FOR IMMEDIATE RELEASE
WASHINGTON — America’s Essential Hospitals, whose more than 325 members care for the vulnerable and keep communities healthy, today honored four member hospitals and health systems for outstanding work to improve health care quality and population health.
The association announced the 2018 Gage Award winners at its annual meeting, VITAL2018, in San Francisco. Named for association founder Larry Gage, the awards recognize creative and successful programs that improve patient care and serve community needs.
“Essential hospitals are pioneers in a challenging health care landscape,” said America’s Essential Hospitals President and CEO Bruce Siegel, MD, MPH. “Our Gage Award winners show how taking risks with inventive projects not only can improve quality of care within hospitals, but also expand care beyond a hospital’s walls.”
2018 Award for Quality
This award recognizes activities to improve the quality of care delivered or that work to eliminate events that harm individual patients or groups of patients.
Winner: Boston Medical Center (BMC), Boston
To improve treatment for infants with neonatal abstinence syndrome (NAS), Boston Medical Center altered pharmacologic treatment protocols and adopted nonpharmacologic interventions, including promotion of breastfeeding, rooming-in models of care, and parental presence. These interventions resulted in lower hospital charges and shorter hospital stays for affected infants.
“Innovative models of care to better serve our patients and families are a top priority at Boston Medical Center. This exciting new and now proven approach to neonatal abstinence syndrome has resulted in greatly improved care and shorter hospital stays for our smallest, most vulnerable patients,” said Kate Walsh, BMC’s president and CEO. “We are honored to be recognized by America’s Essential Hospitals and hope that these pioneering methods can be a resource for hospitals across the country.”
Honorable Mention: Denver Health Medical Center, Denver
After assessing hospital safety in 2013, Denver Health leadership developed Target Zero, a bundled metric of six hospital harm events: falls, medication safety events, surgical site infections, hospital-acquired Clostridium difficile infections, catheter-associated urinary tract infections, and central line– associated blood stream infections. Over two years, the hospital saw a 20 percent reduction in annual harm events.
“We feel like so many of the hospitals that are represented by America’s Essential Hospitals are just like us, and to be recognized among a group of peers for excellence in patient safety is incredibly gratifying,” said Thomas MacKenzie, MD, MSPH, chief quality officer at Denver Health. “Having known Larry Gage myself, I’m proud to have Denver Health receive this award, on behalf of our entire Target Zero team.”
2018 Award for Population Health
This award recognizes activities that counter social determinants of poor health, such as food insecurity, homelessness, language barriers, and other socioeconomic factors.
Winner: Greenville Health System (GHS), Greenville, South Carolina
Greenville Health System developed the Patient-Centered Medical Neighborhoods model to increase access to appropriate health care in at-risk neighborhoods. The health system reduced utilization and lowered costs by deploying teams of community paramedics, community health workers, social workers, and clinicians to conduct home visits and run a mobile health clinic.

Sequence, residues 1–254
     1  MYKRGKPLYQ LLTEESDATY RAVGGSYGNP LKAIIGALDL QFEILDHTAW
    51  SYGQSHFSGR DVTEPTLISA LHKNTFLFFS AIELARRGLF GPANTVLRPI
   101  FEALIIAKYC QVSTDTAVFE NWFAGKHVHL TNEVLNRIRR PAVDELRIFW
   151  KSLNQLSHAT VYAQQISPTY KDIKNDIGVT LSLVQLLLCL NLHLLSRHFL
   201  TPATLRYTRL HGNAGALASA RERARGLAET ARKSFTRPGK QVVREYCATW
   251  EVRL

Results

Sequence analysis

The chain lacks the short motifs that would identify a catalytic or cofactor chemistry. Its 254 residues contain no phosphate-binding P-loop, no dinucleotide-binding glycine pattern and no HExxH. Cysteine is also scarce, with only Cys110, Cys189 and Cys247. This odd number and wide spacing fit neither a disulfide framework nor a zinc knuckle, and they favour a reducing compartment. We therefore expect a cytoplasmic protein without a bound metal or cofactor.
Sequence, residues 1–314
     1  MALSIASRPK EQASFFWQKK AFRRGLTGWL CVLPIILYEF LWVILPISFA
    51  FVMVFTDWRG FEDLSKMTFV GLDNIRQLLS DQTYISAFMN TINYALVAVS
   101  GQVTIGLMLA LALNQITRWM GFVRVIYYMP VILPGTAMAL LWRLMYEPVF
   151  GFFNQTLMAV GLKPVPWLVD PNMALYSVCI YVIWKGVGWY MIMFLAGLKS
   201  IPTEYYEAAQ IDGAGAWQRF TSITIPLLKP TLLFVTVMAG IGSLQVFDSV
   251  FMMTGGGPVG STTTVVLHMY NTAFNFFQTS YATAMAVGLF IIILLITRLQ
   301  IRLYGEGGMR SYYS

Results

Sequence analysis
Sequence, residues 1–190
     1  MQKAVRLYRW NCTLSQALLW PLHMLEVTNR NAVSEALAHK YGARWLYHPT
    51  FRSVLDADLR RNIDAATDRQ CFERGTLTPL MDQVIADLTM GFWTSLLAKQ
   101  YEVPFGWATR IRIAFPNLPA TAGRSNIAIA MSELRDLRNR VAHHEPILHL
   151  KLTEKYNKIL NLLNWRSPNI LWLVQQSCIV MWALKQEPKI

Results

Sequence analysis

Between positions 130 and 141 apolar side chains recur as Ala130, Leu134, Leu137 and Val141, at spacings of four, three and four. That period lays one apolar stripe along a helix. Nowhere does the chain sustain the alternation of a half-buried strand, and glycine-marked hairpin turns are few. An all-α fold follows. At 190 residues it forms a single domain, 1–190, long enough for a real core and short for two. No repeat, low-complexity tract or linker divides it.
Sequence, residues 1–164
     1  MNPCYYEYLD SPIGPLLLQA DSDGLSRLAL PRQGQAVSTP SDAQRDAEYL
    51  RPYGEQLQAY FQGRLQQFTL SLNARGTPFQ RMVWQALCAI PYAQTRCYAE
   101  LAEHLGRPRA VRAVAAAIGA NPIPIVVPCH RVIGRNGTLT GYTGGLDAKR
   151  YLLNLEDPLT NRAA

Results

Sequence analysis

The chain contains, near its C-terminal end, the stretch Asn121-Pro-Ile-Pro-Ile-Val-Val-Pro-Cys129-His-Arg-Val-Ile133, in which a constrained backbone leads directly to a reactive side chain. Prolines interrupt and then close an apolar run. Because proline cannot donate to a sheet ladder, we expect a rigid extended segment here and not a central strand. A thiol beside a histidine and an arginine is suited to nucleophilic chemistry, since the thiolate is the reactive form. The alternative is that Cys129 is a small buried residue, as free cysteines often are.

“Greenville Health System is honored to receive the Gage Award in Population Health,” said Spence Taylor, MD, the system’s president. “Through its focus on our most vulnerable patients, our ‘Neighborhood Partnerships to Improve the Health of Communities’ program is critical to fulfilling GHS’ commitment to serve all patients regardless of income. We hope to expand this work in our communities and look forward to sharing our program with others.”
Honorable Mention: Memorial Healthcare System, Hollywood, Florida
ALLIES (Adults Living Life Independent, Educated, and Safe) helps the growing senior community of Broward County, Florida, age in place through preventive education, active socialization, home visits, screening and assessments, case management, and supportive services. Since June 2016, the program has served more than 900 seniors, who report increased knowledge, community connection, and ability to perform daily tasks.
“Memorial has a long history of engaging in practices that improve the health of our population, starting with the uninsured in our community, by providing them with access to primary care health services in a primary care medical home model,” said Matt Muhart, the system’s executive vice president and chief administrative officer. “It has been a natural evolution for Memorial to engage in population health activities, and, with our partners in population health, we now are responsible for improving the health and cost efficiency for more than 200,000 lives in South Florida.”
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About America’s Essential Hospitals
America’s Essential Hospitals is the leading champion for hospitals and health systems dedicated to high-quality care for all, including the most vulnerable. We support our more than 325 members with advocacy, policy development, research, and education. Communities depend on essential hospitals to provide specialized, lifesaving services; train the health care workforce; advance public health and health equity; and coordinate care. Essential hospitals innovate and adapt to lead the way to more effective and efficient care. Learn more at essentialhospitals.org.